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The Tsoumbakos Family

In October 2015, Ayla was a healthy, happy 11-year-old who was counting down the days until her birthday on October 26 and planning for her Grade 6 graduation in December. She fell ill and was sick for three to four days before her condition worsened. Ayla began complaining of pain in her stomach. On October 18, her mother, Rachel, called and spoke with the doctor who did not seem overly concerned about Ayla’s condition, but explained she probably had the flu. Ayla had not been vaccinated for the flu that year because Australia does not have a universal recommendation for flu vaccination. When Ayla’s arms and legs temporarily turned blue, her mother knew something was seriously wrong so she called for an ambulance. However, upon speaking with Ayla’s mother about Ayla’s symptoms, the emergency response team did not think an ambulance was warranted. Therefore, Ayla’s parents began the one-hour drive to the local hospital themselves. During the drive there, Ayla’s breathing became labored. Ayla’s parents called the ambulance once again and she was finally transported to the emergency room of the local hospital. Upon examination, the medical personnel soon realized that Ayla was showing signs of compartment syndrome, which is a dangerous, life-threatening condition where your muscles begin to swell, impeding blood flow to and from the affected tissues.

Ayla was rushed to another hospital where the medical staff told her parents that it was unlikely Ayla would survive. She was placed into a medically-induced coma. Doctors wanted to operate on Ayla immediately and told her parents amputation of her arms and legs was a likely scenario as a result of compartment syndrome. The surgeons cut large incisions into Ayla’s arms and legs in an effort to relieve some of the swelling, and because her condition improved slightly, amputation was avoided at that point. Amputations were still scheduled for a later date, although the extent of the amputations had been downgraded. It wasn’t until the week after her birthday that amputations were finally deemed unnecessary. Ayla had weekly surgeries while in the hospital and the surgeons were finally able to close her open wounds using skin grafts.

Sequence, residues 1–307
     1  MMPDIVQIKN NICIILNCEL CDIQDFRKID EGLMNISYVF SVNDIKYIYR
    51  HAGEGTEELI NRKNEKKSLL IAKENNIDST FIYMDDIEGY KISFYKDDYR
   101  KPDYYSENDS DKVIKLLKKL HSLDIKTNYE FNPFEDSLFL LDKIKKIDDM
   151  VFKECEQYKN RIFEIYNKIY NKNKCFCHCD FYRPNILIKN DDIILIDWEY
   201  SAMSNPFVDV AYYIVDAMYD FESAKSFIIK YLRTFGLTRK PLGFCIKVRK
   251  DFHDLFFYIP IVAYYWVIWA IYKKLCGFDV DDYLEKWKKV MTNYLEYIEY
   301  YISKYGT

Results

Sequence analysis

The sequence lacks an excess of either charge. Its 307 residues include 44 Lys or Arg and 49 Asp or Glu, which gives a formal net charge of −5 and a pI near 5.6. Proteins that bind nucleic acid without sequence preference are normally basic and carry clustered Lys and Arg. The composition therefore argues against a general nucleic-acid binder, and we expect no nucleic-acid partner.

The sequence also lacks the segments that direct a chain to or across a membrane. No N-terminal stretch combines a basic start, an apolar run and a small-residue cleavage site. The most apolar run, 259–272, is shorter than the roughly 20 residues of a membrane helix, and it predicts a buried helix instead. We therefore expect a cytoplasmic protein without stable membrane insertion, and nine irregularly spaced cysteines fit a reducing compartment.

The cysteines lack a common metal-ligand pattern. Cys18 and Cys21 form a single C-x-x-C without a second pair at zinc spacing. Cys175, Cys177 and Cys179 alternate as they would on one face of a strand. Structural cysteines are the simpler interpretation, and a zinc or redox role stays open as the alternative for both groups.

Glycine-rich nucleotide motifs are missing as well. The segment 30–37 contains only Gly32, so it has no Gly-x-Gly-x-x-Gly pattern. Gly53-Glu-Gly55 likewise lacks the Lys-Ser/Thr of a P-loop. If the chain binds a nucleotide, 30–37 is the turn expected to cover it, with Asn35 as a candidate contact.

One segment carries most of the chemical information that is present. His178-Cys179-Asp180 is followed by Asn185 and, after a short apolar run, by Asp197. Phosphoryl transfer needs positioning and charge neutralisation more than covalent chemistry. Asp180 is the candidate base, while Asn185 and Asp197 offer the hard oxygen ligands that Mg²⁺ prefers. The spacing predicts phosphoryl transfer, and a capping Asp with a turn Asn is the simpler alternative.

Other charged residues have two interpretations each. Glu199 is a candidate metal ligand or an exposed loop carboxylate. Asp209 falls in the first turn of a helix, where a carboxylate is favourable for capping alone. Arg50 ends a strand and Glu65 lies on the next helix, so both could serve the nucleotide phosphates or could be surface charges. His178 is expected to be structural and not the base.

Ayla was diagnosed with influenza A. In addition to compartment syndrome, Ayla also experienced damage to her skeletal muscle, known as rhabdomyolysis, which was another complication of the flu. Ayla also developed kidney failure and was placed on dialysis. She was in the intensive care unit for 21 days before being moved to the regular pediatric ward. It wasn’t long after she was transferred to the ward that her kidneys started working again and peritoneal dialysis was stopped. Overall, Ayla was in the hospital from October 2015 through April 2016, with some short breaks at home during this time. The first of these short home visits was to attend her elementary school graduation.

For many months, Ayla required a wheelchair and had difficulty walking unassisted. Today she walks with the aid of ankle-foot orthoses (AFOs), which are braces she wears on her feet and ankles. She participates in physical therapy on a weekly basis and has extensive scarring on her arms and legs. Despite her harrowing experience, Ayla has a positive outlook on life. She is the only known survivor of acute compartment syndrome occurring in all four limbs within her state of Victoria, Australia. Ayla’s mother, Rachel, is now an active advocate for flu awareness and annual vaccination. Although annual flu vaccination is not generally recommended for healthy children and adults in Australia, Ayla’s family gets vaccinated every year and shares their story with others in hopes that no other child falls victim to the devastating effects of flu.

Information

FFF Advocate:

  • Rachel Tsoumbakos (mother)

Place of Residence:

  • Melbourne, Australia

Survivor:

  • 12-years-old, 2015
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